Technology roadmaps allow organizations to visually plan out the evolution of their technological assets in addition to how those assets will grow their company.
Most organizations use technology roadmaps as a tool to plan out the use and distribution of the company's technology, while other organizations use them to brainstorm how their technology will aid the company's own research and development.
Developing a technology roadmap is an essential exercise for stakeholders and project managers that are dependent upon technology for the success of their company.
However, these roadmaps are not just for product managers. Many teams – from development to tech administrators – can benefit from implementing technology roadmaps into their business practices.
A technology roadmap should be a flexible document that can be adjusted to fit different business scenarios.
Below we dive into the three main types of technology roadmaps and how they can be applied to your business:
IT roadmaps are the most prevalent form of technology roadmaps. IT roadmaps are similar to internal IT system roadmaps, as both types explain how an organization plans on assembling and maintaining internal technology solutions.
Some examples of what IT roadmaps are used to accomplish include:
Technology roadmaps can also exist in a more general scope that focuses on the creation of an entirely new technology.
With this form of a roadmap, you are combining business strategies with IT strategies and communicating how these two elements align with your organization.
Your IT roadmap should aim to answer the following questions:
Your organization's technology leaders will be the ones to apply an IT roadmap to company practices.
These leaders include:
An IT roadmap will help align company members on technology initiatives and company goals. Additional benefits of using IT roadmaps within an organization include:
Many members of your organization will be viewing this document. A common question that IT roadmaps present during their progress revolve around the status of specific initiatives.
"Where is this project currently?" and "when will this project be completed?" are typical examples.
If members of your organization are wondering when a project will be finished, show them your roadmap – it will give them a bird’s eye view of deadlines and expectations.
This type of roadmap will show them how the company’s expectations will be met over the next weeks, months, and years.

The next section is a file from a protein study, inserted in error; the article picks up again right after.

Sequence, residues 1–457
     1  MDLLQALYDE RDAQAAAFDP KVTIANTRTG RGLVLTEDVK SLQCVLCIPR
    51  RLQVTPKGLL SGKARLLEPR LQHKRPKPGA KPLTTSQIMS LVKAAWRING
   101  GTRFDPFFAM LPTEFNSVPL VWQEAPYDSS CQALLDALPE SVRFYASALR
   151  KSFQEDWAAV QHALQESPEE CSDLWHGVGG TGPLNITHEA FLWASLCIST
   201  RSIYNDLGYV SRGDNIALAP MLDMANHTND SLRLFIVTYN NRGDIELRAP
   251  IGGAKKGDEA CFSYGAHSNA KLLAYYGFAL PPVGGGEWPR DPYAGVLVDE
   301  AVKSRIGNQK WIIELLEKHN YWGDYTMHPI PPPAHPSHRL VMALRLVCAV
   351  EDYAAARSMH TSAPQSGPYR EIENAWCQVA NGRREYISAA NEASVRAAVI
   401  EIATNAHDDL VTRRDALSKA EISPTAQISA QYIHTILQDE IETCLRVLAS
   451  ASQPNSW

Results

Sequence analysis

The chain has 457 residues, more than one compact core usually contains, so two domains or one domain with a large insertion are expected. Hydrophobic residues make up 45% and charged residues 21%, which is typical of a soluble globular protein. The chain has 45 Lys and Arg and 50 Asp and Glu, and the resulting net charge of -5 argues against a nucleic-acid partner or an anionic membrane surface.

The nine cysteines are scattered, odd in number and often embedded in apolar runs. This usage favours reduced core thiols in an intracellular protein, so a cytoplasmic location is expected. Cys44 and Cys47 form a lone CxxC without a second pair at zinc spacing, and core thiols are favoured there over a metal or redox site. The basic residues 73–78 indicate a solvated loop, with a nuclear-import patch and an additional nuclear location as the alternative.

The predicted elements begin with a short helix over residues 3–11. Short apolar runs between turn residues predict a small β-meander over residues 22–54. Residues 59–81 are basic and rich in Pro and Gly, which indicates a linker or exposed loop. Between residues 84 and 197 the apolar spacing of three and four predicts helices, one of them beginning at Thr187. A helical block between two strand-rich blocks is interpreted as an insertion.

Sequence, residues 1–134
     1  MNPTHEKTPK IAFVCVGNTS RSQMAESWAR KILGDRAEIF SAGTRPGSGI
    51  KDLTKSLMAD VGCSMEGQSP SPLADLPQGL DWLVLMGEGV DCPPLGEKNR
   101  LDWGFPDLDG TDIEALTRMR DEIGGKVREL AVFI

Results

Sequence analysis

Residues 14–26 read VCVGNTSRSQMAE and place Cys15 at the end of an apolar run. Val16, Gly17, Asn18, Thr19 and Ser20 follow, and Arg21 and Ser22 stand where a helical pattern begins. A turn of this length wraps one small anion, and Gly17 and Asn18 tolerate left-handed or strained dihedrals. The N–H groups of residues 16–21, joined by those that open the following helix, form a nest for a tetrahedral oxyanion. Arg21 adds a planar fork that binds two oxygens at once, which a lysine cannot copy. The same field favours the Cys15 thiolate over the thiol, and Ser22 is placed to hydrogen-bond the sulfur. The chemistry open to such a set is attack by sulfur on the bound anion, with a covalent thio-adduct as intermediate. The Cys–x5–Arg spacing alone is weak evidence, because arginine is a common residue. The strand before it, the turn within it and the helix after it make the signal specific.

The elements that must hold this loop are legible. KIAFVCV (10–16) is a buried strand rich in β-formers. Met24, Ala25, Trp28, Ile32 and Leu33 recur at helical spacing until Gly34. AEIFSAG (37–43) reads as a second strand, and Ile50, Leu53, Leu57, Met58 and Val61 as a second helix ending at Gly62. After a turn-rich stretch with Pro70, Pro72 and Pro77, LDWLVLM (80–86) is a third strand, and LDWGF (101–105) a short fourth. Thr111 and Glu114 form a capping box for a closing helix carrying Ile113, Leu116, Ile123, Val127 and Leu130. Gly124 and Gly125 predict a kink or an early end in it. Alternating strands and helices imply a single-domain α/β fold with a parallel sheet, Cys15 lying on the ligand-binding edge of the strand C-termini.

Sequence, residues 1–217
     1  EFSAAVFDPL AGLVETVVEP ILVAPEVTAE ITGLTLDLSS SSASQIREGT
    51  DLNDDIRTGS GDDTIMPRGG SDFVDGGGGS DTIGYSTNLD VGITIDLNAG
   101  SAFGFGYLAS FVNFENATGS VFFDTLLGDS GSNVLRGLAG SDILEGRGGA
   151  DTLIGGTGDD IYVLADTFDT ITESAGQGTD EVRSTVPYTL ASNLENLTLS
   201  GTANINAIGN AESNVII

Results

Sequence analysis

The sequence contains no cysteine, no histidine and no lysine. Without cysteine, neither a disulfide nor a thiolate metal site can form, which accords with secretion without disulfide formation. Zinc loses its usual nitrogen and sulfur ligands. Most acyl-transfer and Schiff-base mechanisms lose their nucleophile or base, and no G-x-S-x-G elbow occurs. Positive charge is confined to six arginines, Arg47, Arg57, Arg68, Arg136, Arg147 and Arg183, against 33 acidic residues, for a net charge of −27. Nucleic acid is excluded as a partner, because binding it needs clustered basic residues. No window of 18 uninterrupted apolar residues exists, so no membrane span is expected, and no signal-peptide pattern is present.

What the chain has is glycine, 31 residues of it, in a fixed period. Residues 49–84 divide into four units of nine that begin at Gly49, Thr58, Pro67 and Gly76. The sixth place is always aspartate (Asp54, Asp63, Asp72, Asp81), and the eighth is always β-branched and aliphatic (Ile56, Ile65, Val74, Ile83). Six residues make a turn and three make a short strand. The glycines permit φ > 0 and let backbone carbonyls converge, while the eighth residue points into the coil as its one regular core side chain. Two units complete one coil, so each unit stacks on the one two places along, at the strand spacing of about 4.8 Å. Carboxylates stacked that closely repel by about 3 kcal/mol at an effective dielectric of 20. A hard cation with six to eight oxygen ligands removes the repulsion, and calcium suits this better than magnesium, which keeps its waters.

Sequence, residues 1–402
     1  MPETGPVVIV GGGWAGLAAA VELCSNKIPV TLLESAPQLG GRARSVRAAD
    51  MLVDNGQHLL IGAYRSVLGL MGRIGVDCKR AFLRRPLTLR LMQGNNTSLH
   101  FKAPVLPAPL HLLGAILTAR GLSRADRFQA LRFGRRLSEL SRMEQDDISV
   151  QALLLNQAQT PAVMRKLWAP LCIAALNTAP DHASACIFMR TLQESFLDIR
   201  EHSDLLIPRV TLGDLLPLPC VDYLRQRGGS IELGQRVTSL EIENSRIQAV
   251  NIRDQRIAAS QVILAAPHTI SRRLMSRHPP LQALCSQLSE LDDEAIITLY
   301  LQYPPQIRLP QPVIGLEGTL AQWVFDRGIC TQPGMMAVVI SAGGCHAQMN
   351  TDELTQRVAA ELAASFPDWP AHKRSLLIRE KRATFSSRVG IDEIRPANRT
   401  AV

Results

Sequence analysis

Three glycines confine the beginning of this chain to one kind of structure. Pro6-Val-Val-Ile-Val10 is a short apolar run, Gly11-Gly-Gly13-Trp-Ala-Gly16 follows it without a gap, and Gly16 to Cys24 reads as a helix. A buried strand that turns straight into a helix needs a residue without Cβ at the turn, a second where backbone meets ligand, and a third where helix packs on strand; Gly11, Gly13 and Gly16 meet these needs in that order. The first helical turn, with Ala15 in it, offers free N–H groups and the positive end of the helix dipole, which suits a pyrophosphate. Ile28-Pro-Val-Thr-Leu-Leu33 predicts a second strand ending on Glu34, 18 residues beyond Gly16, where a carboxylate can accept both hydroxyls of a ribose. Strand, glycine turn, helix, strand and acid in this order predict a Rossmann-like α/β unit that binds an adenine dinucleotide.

IT roadmaps are about communicating how IT initiatives fulfill business goals instead of listing who owns what IT projects.
Significant milestones should be shown on your IT roadmap to help reflect progress and get stakeholders working toward the same timeline.
Applications play an essential role in the modern-day business workflow. Application roadmaps serve to visualize the plethora of apps that an organization uses so a company can make smarter decisions on what apps to prioritize in their application portfolio.
If you're looking to grow your business, choosing the right web applications to help achieve maximum workflow will do just that.
Application roadmaps allow companies to:
App roadmaps are typically created by tech administrators, as they have pre-existing knowledge of their company's application portfolio.
Development roadmaps communicate the essential goals of a company's dev team.
This variety of roadmap can communicate these goals by highlighting technology initiatives, epics, and features that exist in the company's engineering pipeline.
While this form of a roadmap is more detail-oriented than the previous two examples, it still serves to provide an overview. The roadmap will allow development team members to share what precisely they're working toward.
Engineering leaders who are managing development teams and reporting on the status of the company's development pipeline will use this roadmap.
These leaders have the knowledge to speak on potential trade-offs to be considered if the roadmap is adjusted.
Development roadmaps revolve around workflow. Since many tech companies use agile planning to mitigate workflow, you can work your roadmap into "sprints."
Sort your features and projects into which sprint they'll be under — sorting features and projects in this manner will pave the way for more transparent communication on what development goals will be achieved, and when.
You can also structure a swimlane development roadmap to show when certain features and projects are ready for development.
A timeline view of a development roadmap allows you to showcase the "when" element as time will become more of a factor when an organization expands. Remember that your timeline is simply a statement of intent that will most likely change over time.